Massacre was fought in January 1599 between Spanish
conquistadors and Acoma Native Americans in what is now New Mexico.
After twelve soldiers were killed at
Acoma Pueblo in 1598, the Spanish
retaliated by launching a punitive expedition, which led to the deaths
of around 800 men, women and children during a three-day battle.
Several hundred survivors were also enslaved or otherwise severely
4 See also
6 Further reading
In the late 1500s, the Spanish began their conquest of the Pueblo
people in northern
New Spain and in 1595 the conquistador Don Juan de
Oñate was granted permission from King Philip II to colonize Santa Fe
de Nuevo México, the present-day New Mexico. Relations between the
Spanish and the Acoma people had been mostly peaceful for several
decades after the two groups first came into contact around 1540. In
1598, the Acoma leader, Zutacapan, learned that the Spanish intended
to conquer Acoma Pueblo. Initially, the natives planned to defend
themselves; however, their belief that the Spanish were immortal and
their knowledge of Spanish atrocities committed in the past led the
Acoma to try to negotiate a peaceful solution to the conflict.
Accordingly, Don Oñate sent his nephew, Captain Juan de Zaldívar, to
the pueblo to consult with Zutacapan. When Zaldivar arrived on
December 4, 1598, one of the first things he did was to take sixteen
of his men up the mesa on which the pueblo was located to demand food
from the natives. After being denied the food they had demanded,
the Spaniards allegedly attacked some Acoma women. A fight ensued,
leaving Zaldivar and eleven of his men dead.
When Oñate learned of the incident, he ordered Juan de Zaldivar's
brother, Vicente de Zaldívar, to lead an expedition to punish the
Acoma and set an example for other pueblos. Taking about seventy men,
Vincente de Zaldivar left San Juan Pueblo in late December or early
January and arrived at
Acoma Pueblo on January 21, 1599.
The battle began the following morning, January 22. For the first two
days the Spanish and Acoma skirmished inconclusively until Zaldívar
developed a plan to breach the pueblo using a small cannon. On the
third day, Zaldívar and twelve of his men ascended the mesa and
opened fire on the pueblo with the cannon. After some time, several
Acoma homes caught on fire and were destroyed while the conquistadors
stormed through the settlement. There were an estimated 6,000 natives
living at or around the
Acoma Pueblo in 1599, at least 2,000 of whom
were warriors. Of the 2,000, about 500 were killed in the battle,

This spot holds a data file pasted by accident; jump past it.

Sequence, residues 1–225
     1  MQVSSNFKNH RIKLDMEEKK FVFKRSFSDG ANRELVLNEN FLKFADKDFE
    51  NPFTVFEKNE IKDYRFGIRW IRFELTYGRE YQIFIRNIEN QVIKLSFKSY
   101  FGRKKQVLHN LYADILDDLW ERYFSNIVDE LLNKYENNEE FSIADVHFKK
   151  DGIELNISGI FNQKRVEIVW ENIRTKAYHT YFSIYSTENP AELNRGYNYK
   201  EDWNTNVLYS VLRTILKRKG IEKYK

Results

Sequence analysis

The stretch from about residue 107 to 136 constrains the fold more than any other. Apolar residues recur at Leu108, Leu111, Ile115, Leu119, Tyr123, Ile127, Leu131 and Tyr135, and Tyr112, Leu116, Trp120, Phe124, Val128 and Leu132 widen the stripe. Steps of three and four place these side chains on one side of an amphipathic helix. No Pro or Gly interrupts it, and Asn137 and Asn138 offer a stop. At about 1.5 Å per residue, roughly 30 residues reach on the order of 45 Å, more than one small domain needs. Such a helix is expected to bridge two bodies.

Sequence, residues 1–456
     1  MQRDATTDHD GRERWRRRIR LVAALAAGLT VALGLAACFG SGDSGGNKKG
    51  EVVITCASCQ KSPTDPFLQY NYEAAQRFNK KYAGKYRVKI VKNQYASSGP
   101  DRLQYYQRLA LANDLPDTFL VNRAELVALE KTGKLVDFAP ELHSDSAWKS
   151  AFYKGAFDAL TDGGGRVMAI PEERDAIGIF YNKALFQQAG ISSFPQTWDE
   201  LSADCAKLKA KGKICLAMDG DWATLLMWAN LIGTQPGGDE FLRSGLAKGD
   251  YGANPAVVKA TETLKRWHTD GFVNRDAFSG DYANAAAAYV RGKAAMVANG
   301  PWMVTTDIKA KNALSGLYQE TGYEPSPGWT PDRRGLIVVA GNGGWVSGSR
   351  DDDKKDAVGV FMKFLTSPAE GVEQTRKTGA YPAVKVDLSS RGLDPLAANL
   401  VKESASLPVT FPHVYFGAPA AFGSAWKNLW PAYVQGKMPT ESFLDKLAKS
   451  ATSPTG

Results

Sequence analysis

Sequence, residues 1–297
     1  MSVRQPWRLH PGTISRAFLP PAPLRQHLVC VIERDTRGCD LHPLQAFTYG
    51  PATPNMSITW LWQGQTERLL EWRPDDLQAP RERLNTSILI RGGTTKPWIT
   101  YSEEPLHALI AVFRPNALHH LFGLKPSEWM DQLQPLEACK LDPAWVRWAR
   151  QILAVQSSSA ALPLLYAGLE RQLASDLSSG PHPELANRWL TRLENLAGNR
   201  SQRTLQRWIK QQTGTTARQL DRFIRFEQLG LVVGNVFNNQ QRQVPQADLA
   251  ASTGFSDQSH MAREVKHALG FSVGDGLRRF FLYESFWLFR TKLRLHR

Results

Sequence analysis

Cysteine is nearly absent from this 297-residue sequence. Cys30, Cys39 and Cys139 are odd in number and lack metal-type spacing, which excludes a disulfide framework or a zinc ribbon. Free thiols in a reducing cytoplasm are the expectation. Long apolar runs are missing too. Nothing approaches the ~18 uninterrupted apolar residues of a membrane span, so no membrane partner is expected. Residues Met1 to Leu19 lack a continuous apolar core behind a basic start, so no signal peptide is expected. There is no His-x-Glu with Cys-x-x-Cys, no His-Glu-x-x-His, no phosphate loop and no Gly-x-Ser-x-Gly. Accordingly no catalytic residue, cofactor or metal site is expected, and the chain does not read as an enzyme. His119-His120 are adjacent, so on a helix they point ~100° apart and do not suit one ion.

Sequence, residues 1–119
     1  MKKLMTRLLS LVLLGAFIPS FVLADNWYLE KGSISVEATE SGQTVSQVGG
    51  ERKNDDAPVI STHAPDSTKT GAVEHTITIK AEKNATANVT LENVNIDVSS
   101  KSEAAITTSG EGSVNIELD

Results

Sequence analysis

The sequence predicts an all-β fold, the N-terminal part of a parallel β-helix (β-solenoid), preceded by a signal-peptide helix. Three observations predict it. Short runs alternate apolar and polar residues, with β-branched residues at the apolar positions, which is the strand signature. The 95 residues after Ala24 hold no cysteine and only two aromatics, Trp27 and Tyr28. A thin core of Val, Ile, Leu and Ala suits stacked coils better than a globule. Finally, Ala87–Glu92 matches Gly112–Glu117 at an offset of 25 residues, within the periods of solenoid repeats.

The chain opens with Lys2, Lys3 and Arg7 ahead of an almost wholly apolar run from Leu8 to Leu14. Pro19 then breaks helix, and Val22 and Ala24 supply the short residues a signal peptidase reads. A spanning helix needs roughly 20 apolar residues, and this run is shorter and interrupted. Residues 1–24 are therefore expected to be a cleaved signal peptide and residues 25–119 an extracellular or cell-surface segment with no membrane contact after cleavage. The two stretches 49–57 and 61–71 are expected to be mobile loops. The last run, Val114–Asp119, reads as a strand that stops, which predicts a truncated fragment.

along with about 300 women and children. Some 500 prisoners were taken
and later sentenced to a variety of punishments. Don Oñate ordered
that every male above the age of twenty-five would have his right foot
cut off and be enslaved for a period of twenty years. However, only
twenty-four men actually received amputations. Males between the age
of twelve and twenty-five were also enslaved for twenty years along
with all of the females above the age of twelve. Many of these natives
were dispersed among the residences of government officials or at
Franciscan missions. Sixty of the youngest women were deemed not
guilty and sent to
Mexico City where they were "parceled out among
Catholic convents". Two
Hopi men were taken prisoner at the pueblo;
after each had one of his hands cut off, they were released to spread
the word of Spain's resolve.
When King Philip heard the news of the massacre, and the punishments,
Don Oñate was banished from
New Mexico for his cruelty towards the
natives and later returned to
Spain to live out the remainder of his
life. Several Acomas escaped capture by the Spanish in 1599 and by
1601 they had rebuilt their pueblo, which still stands.
The massacre remains a sensitive issue in the United States. In 1998,
during the 400-year anniversary of Spain's founding of New Mexico
colony, a group of Acomas cut off the right foot of Oñate's
twelve-foot statue in Alcalde, New Mexico. They later issued a
statement about the incident: "We took the liberty of removing
Oñate's right foot on behalf of our brothers and sister of Acoma
Pueblo ... We see no glory in celebrating Oñate's fourth
centennial, and we do not want our faces rubbed in it." One Acoma man,
Darrell Chino, said, "It was funny when it happened to the statue, but
it wasn't funny when it happened to the real people." At the Oñate
Monument and Visitors Center, Estevan Arrellano, the director of the
site, supervised the attachment of a new foot to the statue. He later
said, "Give me a break – it was 400 years ago. It's okay to hold a
grudge, but for 400 years?" On April 21, 2007, an eighteen foot tall
statue of Don Oñate – the largest bronze equestrian statue in the
United States – was erected at El Paso. Members of the Acoma tribe
attended the dedication ceremony and protested against the statue's
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^ "Oñate, Juan de".
New Mexico Office of the State Historian.
^ Knaut, Andrew. The
Pueblo Revolt of 1680. Oklahoma: The University
of Oklahoma Press: Norman, 1995, p. 69.
^ a b c Kessel, p. 16
^ Brooke, James (February 9, 1998). "
Conquistador Statue Stirs
Hispanic Pride and Indian Rage". The New York Times.
Kessel, William B.; Robert Wooster (2005). Encyclopedia of Native
American Wars and Warfare. New York: Infobase Publishing.
Knaut, Andrew L. (1995). The
Pueblo Revolt of 1680. Oklahoma:
University of Oklahoma Press. ISBN 97808061